Trump financier: The establishment? You are the establishment. You’ve given money to whoever you thought would give you the greatest advantage. You’ve been a businessman. Is it like these people think you care about them? That’s not business.

Trump Candidate: It seems that way.


Trump Financier: But you’ve never acted in any way that would make people think that you’d look out for them. Especially to your own disadvantage!

Trump Candidate: I don’t understand it any more than you do.

Trump Financier: Are these people who trust you from New York?

Trump Candidate: Some of them.

Trump Financier: Amazing.

Trump Candidate: I was surprised too to be honest.

Trump Financier: I’ll have to find out more about this. But since I haven’t fallen under your spell you’re going to have to prove to me that you be useful to me before I give you a dime.

Trump Candidate: (Pauses) But I’m going to make America great again.

Trump Financier: (Laughs) I think I’ve heard that before. In elections for the past fifty years. Let me put it this way. What is the per centage of politicians who actually follow through with the most important of their promises regardless of party affiliation?

Trump Candidate: Well…I’m not sure why that’s relevant. I developed a relationship with my base. What I can promise you is-“

Trump Financier: Bottom line for anyone with a brain. Never assume someone is going to do what they say they will. No politician has ever delivered on most of what they claim they’ll do. Especially if they have a business agenda. No one is going to screw themselves over. At least not any businessmen from this city.

Trump Candidate: I’ve been able to get people to trust me to improve this country, to look out for their interests. I can become president. Does it matter how I can do that if I can help you in the long run?

Trump Financier: Ah. Now we get down to it. Quid Pro Quo.

Trump Candidate: I didn’t think anything else would interest you. You don’t strike me as the do-gooder type.

Trump Financier: (smiles) I never claimed I was. So, really, how did you get your…base to believe you’d represent their interests?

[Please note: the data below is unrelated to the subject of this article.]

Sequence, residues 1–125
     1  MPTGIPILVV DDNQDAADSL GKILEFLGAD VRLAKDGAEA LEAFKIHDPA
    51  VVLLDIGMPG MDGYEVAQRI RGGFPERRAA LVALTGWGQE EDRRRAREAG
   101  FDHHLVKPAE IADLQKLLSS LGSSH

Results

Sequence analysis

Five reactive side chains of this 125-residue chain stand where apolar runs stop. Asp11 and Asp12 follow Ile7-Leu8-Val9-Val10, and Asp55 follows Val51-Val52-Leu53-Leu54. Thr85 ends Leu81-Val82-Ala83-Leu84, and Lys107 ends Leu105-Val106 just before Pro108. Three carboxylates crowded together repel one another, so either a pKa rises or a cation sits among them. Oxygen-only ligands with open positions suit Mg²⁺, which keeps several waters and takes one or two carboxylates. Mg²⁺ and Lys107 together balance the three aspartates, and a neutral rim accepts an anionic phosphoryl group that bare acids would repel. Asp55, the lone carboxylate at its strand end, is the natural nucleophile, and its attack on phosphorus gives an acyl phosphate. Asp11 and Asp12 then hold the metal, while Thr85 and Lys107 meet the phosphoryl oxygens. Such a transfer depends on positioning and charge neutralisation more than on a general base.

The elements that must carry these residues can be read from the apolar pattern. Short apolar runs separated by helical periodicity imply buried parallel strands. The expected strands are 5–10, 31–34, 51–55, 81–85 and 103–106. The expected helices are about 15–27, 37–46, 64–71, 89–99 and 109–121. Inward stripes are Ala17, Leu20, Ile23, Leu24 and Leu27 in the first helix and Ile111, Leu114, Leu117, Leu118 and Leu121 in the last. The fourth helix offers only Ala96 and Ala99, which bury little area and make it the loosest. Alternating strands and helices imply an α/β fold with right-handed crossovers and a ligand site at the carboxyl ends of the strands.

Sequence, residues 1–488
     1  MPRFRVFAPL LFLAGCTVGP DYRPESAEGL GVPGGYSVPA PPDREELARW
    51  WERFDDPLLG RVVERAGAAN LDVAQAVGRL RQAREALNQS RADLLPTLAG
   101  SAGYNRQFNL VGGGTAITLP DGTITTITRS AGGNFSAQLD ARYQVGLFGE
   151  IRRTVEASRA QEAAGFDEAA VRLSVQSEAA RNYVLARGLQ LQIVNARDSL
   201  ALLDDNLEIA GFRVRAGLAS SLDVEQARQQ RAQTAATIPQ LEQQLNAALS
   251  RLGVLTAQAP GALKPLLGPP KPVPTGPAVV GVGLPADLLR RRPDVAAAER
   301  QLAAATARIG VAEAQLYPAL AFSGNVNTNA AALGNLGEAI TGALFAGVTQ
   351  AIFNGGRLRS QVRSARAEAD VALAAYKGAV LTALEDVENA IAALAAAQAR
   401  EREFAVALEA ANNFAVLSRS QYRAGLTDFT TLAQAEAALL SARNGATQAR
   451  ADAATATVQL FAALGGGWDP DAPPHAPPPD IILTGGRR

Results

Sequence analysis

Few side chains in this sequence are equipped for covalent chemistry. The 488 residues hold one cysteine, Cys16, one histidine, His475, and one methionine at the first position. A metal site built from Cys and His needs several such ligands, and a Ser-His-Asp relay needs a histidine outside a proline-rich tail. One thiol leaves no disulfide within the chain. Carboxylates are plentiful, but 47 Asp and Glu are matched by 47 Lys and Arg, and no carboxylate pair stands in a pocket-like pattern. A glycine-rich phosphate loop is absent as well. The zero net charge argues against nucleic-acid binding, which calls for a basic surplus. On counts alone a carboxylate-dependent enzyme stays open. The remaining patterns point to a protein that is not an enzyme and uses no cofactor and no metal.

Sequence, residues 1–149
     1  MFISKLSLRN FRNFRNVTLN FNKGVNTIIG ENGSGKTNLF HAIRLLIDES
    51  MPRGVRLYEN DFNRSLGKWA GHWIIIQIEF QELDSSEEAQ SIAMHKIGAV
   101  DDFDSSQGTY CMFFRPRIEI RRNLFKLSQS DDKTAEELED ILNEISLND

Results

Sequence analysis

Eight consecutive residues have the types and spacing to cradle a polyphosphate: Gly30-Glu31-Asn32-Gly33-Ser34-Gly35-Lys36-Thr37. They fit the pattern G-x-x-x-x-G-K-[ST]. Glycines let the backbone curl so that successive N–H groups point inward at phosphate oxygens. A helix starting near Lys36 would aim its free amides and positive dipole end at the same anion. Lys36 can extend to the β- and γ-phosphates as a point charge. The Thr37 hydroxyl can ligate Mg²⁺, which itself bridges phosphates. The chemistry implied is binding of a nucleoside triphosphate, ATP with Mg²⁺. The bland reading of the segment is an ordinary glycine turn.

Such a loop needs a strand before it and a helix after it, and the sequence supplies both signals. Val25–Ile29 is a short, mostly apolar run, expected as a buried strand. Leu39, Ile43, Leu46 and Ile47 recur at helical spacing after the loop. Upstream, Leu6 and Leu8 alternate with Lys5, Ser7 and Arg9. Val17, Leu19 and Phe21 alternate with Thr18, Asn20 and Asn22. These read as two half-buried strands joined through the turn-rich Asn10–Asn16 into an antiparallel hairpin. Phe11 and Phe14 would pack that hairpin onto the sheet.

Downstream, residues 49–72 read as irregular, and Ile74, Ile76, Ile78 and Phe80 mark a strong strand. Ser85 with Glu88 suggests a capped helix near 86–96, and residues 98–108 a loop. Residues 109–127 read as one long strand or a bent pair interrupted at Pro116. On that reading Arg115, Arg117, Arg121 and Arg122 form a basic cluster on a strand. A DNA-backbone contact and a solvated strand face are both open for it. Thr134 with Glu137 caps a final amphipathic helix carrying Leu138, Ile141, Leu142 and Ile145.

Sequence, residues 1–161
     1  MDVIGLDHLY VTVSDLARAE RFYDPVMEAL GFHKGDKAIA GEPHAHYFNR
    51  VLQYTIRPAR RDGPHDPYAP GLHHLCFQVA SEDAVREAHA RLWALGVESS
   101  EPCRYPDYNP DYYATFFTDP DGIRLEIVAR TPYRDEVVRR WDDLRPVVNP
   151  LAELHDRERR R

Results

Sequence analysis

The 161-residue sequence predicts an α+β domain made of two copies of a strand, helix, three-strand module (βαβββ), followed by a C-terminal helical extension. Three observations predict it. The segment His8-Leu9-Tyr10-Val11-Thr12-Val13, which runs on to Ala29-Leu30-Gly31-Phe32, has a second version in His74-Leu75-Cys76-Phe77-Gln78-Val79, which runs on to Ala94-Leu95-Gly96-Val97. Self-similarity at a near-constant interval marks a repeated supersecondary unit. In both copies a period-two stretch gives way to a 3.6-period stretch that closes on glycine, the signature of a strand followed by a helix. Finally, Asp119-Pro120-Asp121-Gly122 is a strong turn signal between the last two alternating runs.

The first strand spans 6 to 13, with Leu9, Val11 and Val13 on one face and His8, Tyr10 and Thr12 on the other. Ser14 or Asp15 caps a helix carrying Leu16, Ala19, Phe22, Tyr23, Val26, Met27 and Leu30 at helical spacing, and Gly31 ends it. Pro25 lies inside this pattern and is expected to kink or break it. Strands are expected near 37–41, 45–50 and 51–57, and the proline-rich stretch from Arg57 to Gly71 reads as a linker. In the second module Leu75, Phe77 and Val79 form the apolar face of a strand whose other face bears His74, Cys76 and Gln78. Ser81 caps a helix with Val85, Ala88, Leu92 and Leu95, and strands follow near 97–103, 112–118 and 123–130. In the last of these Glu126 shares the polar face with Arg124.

Trump Candidate: Um…I said things.

Trump Fiancier: You said things. What kind of things?

Trump Candidate: I told them that I would make America great again.

Trump Financier: Yeah, I heard that. You said it before. That’s it?

Trump Candidate: I told them that Mexicans were rapists. And that I’d build a wall to keep them out.

Trump Financier: (Laughs) A wall. Do you mean a wall all across the entire Mexican border?

Trump Candidate: (Embarrassed). Yes.

Trump Financier: Are you saying you believe this is possible?

Trump Candidate: Well not necessarily.

Trump Financier: Do you know how much that would cost. All of the legalities involved. The structural issues alone would stretch this project out by twenty years. I know you’ve done construction. It would cost more than fixing our infrastructure for the entire country as it is. Ridiculous.

Trump Candidate: So it might not be a perfect plan. But people believe it.

Trump Financier: (Laughs). You’re lucky you’ve moved from development to politics. If you brought that proposal to any developer…well you’re bringing it to me. Ridiculous. I’m not getting the best feelings from this. You’re all over the map.

Trump Candidate: (Eyes widen) You’re not interested?

Trump Financier: As long as I have guarantees that you’d look out for my interests. If you tell me, say, that you’re going to back trade agreements that will support some of my business interests I’m not going to believe you right of the bat. I have factories outside of the U.S. and I’m want to keep them. If you tell me something like your “wall” story, I’m going to laugh and tell you leave my office. The point is that if your base wants something that goes against my business agenda, you won’t be able to give me what I want. Or you won’t be able to give them what they want. You have to decide where your loyalties lie. Of course you don’t have to tell them that. (Laughs)